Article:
Santa Barbara City College experienced a banner weekend April 13-15 for celebrating the arts. Our newest piece of public art, “Not Yet Full,” is on display adjacent to the SBCC Humanities Building. The sculpture was created by our highly talented faculty member Ed Inks and was commissioned by long-term SBCC art patrons Dr. Vincent and Lies Jaccarino.
At the nearby Atkinson Gallery, the winners of the annual juried Student Art Show were announced with 55 awards/scholarships given. Through donations, I was able to purchase several student works of art to add to the college’s permanent art collection. Members of the community also purchased many of the students’ art pieces.
The long-awaited reopening of the drama/music complex and the Garvin Theatre was held with performances, receptions and open houses/tours for friends of the college, the campus community and the community-at-large. This modernization, which was accomplished largely through Measure V construction bond funds, has created a state-of-the-art performing arts venue second to none in our community.
With the drama/music construction completed, we are now in the first stages of closing the Humanities Building, where the Atkinson Gallery, and art and other programs are housed, for extensive remodeling. The completion of this newest construction project, which also will be funded through Measure V construction bond dollars, will further enhance the building’s functional and esthetic capabilities to provide students with high-quality programs.
Why Invest in the Arts?
At a time of diminished resources and when jobs in the arts can be difficult to find, why is SBCC choosing to invest in the arts? There are four primary reasons to support arts education.
» 1. Putting the STE(A)M in STEM.
A major focus of federal, state, local and foundation efforts is to increase the number of college students who pursue majors in science, technology, engineering and mathematics (STEM). While the skills taught in each of these disciplines are essential, employers are saying these skills alone are not sufficient for highly qualified employees. Additional qualities needed by all college students, including STEM majors, are more fully developed through the study of the arts.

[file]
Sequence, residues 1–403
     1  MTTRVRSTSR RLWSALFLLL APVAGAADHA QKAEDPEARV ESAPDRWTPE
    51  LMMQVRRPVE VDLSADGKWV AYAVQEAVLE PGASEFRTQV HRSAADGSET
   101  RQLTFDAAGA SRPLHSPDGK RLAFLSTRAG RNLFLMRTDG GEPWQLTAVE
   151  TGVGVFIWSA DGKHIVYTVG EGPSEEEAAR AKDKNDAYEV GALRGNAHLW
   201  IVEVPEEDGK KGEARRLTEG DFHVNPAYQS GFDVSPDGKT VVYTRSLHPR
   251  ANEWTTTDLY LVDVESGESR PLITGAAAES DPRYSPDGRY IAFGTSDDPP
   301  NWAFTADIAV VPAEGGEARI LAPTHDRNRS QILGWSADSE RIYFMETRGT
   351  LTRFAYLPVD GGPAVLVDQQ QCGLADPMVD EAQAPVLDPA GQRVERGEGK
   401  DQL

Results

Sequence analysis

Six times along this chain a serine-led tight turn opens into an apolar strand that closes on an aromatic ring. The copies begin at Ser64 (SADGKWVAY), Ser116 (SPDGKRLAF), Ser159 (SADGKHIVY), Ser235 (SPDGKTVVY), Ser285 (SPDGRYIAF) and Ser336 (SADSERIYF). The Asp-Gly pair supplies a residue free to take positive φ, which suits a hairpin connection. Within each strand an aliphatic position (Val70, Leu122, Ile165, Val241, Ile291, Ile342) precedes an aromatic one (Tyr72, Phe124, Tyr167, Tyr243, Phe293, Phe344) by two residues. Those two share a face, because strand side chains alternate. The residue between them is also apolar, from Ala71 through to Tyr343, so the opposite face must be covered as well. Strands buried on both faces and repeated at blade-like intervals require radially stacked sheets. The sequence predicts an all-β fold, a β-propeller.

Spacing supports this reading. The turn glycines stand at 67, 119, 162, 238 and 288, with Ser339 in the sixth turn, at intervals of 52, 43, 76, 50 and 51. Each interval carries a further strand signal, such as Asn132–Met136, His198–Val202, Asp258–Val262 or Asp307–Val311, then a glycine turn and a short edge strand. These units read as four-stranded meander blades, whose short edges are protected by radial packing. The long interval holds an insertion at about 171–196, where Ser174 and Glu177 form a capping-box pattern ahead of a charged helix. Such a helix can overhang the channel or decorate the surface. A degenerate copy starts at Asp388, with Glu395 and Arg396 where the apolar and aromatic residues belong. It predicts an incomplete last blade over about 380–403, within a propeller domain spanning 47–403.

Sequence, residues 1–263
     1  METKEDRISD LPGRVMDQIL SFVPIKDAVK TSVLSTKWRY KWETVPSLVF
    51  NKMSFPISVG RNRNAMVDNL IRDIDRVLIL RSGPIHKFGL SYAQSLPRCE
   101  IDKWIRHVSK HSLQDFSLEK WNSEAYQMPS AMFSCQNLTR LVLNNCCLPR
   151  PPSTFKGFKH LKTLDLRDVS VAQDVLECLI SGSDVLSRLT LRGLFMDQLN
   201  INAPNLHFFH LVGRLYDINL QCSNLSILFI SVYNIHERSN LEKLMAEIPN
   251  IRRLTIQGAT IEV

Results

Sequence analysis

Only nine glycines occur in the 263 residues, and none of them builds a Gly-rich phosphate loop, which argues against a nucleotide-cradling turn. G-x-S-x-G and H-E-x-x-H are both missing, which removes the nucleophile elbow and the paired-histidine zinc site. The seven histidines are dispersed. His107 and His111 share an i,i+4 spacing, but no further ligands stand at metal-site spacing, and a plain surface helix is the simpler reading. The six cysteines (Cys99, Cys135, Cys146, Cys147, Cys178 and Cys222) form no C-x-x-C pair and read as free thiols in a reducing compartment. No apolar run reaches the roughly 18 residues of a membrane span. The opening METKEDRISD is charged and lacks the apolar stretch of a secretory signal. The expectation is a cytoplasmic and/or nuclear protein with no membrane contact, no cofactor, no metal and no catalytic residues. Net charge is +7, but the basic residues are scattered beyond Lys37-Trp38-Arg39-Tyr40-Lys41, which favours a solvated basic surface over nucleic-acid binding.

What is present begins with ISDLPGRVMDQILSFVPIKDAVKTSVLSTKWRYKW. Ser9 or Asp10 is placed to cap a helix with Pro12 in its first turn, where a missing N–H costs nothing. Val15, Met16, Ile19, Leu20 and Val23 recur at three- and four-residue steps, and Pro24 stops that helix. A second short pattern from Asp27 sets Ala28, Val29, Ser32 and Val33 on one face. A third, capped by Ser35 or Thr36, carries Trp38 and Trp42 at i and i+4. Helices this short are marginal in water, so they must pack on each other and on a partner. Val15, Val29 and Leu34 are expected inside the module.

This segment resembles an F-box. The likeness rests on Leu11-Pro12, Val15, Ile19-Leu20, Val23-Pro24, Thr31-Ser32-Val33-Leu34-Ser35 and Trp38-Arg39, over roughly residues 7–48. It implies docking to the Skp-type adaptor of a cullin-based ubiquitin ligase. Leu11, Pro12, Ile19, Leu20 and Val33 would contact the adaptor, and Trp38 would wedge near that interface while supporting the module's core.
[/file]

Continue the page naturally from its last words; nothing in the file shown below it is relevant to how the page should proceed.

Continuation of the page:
These skills include creativity, innovation, critical thinking, problem solving, teamwork, adaptability, organization, detail oriented, time management, and one all too familiar with those in the fine and performing arts, acceptance of disappointment and ability to bounce back quickly. Students who possess these qualities will have the right combination of skills for the highly trained workforce this country needs in order to stay competitive in the 21st-century global marketplace. The arts (A) may put the STE(A)M in STEM disciplines.
» 2. Fostering Creativity and Innovation.
“The U.S. has held the reputation for producing highly imaginative and innovative minds in the creative as well as scientific and high-tech industries. In a global economy where innovation drives prosperity, the U.S. faces increasing competition from around the world in maintaining its competitiveness. Recent studies documenting the steady decline from 1990-2000 in American student and adult scores on a test of creative thinking are casting doubt that we will continue to do so” (Newsweek, 2010). The arts-music, creative writing, drawing, dance, acting and technical theater provide skills sought by employers.
» 3. Contributing to the Community Vitality.
The fine arts and performing arts are an important contributor to local, state and national economies. People choose to live in and travel to communities that have a vibrant arts component such as art museums and galleries, theaters and musical venues. At SBCC, our outstanding of arts programs helps prepare the talent pool who will have contributed — and will continue to do so — to the cultural vibrancy of the many communities to which our graduates may move.
In Santa Barbara County, our collective arts programs rival those of much larger metropolitan areas. Recent research indicates that the nonprofit arts and culture are a more than $77 million industry in Santa Barbara County, employing more than 2,200 full-time equivalent jobs and generating more than $7.5 million in local and state government revenue. The impact of the arts is significant, not only to our quality of life, but to our economic well-being as well.
» 4. Serving as a Cultural Hub.
SBCC prides itself on our reputation as a cultural hub for the fine and performing arts in our community. We provide our students and the community with high-quality theatrical and music performances, outstanding art exhibits and public art at no charge or a minimal cost. The richness of the arts’ experience will enhance the educational quality we provide our students and nurture the talent of students who are studying the arts. Increasing students’ knowledge and appreciation of the arts also will help build future audiences, who in turn will continue to support these ventures.
Return on Investment
In this information age, a well-rounded curriculum is not a luxury but a necessity. Arts education is an ideal complement to all fields of study. The local community has a long-standing history of supporting the arts at SBCC by attending student performances and art exhibits and contributing funds to the Foundation for SBCC. Your investment in the education of our students will return substantial dividends to the students and to the cultural and economic vitality of our community.
— Dr. Jack Friedlander is SBCC’s acting superintendent/president.